The Mayor’s “Conversation on Race” resumes this week. Mayor Shane McFarland will hold a live televised briefing Tuesday, Sept. 15, at 6 p.m. on Facebook and CityTV. Watch the briefing live on Facebook at https://www.facebook.com/cityofmurfreesborotn.
The Mayor’s briefing will be a third “Conversation on Race” with Dr. Vincent L. Windrow. The latest briefing topic will focus on statues, symbols and flags.
Windrow is associate vice provost for Student Success and former director of Intercultural and Diversity Affairs at Middle Tennessee State University and has served as pastor of Olive Branch Church, 1115 Minerva Drive, Murfreesboro, Tennessee, since 1999.
The first “Conversation on Race” was conducted June 30 and a second followed on July 28 with two Murfreesboro police officers.
“I think being able to sit down on a regular basis and have honest dialogue is something we need to have,” said McFarland. What I have gathered from the first two conversations is about a community coming together to discuss realities, misconceptions and tensions and moving forward together.”
Windrow has helped to facilitate straight forward and honest dialogue about his experiences and experiences others have expressed about being black. “Before there are policies or any type of legislation, it starts with a desire to want to learn,” added Windrow. “It’s about learning and it’s about growing.”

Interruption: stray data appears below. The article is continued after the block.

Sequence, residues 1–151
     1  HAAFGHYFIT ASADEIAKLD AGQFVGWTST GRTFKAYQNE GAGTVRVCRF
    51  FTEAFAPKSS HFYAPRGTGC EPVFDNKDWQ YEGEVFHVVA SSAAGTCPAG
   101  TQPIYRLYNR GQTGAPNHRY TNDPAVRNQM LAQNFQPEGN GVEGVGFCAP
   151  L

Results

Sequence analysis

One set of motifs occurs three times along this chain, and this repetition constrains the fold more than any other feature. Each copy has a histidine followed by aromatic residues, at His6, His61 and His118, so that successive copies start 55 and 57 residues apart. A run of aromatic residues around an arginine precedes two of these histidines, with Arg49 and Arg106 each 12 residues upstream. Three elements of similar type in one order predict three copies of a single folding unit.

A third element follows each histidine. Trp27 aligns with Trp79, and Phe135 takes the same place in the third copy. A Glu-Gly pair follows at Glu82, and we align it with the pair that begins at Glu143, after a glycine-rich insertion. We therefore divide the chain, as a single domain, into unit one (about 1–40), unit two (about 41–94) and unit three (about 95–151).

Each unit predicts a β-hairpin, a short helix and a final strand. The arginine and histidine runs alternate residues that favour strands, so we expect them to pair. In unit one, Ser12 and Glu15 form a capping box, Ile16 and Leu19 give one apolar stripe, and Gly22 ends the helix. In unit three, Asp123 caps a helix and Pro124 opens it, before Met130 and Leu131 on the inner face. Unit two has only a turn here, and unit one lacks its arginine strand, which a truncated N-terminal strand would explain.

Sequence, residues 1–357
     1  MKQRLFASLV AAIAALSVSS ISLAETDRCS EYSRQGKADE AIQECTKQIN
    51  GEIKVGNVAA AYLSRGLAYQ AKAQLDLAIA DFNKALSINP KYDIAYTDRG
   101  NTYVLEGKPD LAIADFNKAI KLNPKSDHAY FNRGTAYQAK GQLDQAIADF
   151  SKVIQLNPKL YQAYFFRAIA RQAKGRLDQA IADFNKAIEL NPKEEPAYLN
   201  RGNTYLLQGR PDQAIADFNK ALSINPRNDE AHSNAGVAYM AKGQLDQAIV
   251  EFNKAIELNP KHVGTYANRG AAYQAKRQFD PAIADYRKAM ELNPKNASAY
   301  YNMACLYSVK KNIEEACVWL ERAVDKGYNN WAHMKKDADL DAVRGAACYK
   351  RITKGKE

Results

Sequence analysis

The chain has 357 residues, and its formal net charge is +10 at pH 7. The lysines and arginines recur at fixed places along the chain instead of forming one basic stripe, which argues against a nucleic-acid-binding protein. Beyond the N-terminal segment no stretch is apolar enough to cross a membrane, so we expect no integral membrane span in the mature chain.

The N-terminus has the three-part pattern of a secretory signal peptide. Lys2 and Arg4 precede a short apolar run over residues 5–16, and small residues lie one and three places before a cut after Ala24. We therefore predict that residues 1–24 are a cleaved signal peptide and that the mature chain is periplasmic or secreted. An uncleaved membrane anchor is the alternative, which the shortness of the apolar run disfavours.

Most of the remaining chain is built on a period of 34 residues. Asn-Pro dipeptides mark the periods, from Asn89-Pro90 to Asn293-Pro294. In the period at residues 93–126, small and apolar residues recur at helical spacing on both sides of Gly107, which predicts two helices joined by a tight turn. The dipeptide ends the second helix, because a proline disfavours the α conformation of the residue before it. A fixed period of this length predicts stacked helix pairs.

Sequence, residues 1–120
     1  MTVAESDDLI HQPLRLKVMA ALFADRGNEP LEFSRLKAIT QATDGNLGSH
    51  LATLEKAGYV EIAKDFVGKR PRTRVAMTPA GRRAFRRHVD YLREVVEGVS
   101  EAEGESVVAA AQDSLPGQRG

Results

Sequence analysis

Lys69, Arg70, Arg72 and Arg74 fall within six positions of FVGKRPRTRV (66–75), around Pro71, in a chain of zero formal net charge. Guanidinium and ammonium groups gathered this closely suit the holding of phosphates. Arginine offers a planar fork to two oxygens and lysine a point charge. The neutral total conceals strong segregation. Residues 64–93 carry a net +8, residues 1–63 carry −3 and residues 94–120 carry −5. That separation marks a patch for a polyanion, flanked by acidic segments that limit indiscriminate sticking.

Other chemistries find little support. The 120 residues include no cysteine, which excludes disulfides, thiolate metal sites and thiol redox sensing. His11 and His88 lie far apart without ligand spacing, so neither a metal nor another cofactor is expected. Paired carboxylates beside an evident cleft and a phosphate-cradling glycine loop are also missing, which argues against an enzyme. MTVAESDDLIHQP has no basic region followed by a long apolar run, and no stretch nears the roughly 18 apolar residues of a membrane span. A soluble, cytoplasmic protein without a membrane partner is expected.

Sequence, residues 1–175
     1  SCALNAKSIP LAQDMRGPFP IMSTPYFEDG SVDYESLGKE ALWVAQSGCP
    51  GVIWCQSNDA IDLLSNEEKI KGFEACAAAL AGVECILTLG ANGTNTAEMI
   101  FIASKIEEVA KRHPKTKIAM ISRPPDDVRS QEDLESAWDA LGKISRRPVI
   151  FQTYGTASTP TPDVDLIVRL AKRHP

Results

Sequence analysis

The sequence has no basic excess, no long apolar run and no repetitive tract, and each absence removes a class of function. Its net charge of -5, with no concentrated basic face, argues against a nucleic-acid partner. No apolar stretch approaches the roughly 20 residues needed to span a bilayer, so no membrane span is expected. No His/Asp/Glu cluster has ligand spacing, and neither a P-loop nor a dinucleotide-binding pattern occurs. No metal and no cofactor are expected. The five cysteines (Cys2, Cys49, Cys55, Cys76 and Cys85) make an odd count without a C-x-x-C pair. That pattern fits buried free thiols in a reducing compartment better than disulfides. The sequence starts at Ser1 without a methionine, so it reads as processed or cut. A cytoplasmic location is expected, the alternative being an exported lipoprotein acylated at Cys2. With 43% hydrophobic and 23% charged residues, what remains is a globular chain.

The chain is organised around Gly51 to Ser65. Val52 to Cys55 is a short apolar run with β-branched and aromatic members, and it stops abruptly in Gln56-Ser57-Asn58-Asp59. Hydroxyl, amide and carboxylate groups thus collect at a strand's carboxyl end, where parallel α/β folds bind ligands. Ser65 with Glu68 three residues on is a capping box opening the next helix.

The televised briefing will be carried live on CityTV and WGNS Radio and can be viewed on Comcast Xfinity channel 3 & 1094, AT&T Uverse channel 99, Roku, Amazon Fire TV, Apple TV via Cablecast Screenweave, www.youtube.com/cityofmurfreesboro, and City website at www.murfreesborotn.gov/citytv.
The Facebook Live briefings are part of the Mayor’s “Conversation on Race,” a series of briefings McFarland decided to host on CityTV and WGNS Radio to discuss prejudices and preconceived notions about race and policing, and how we can all do better.
McFarland has previously stated that he plans to continue to have these conversations with Dr. Windrow and other citizens of community so challenges came be discussed together in real time.
The Mayor’s briefings are intended to openly discuss the topic of racial inequities over the coming months. Conversations about inequities and change are taking place across many sectors of American society, including government, the workplace, neighborhoods, police and in politics. McFarland encourages the Murfreesboro community to join in the conversation.
For City News online, visit www.Murfreesborotn.gov.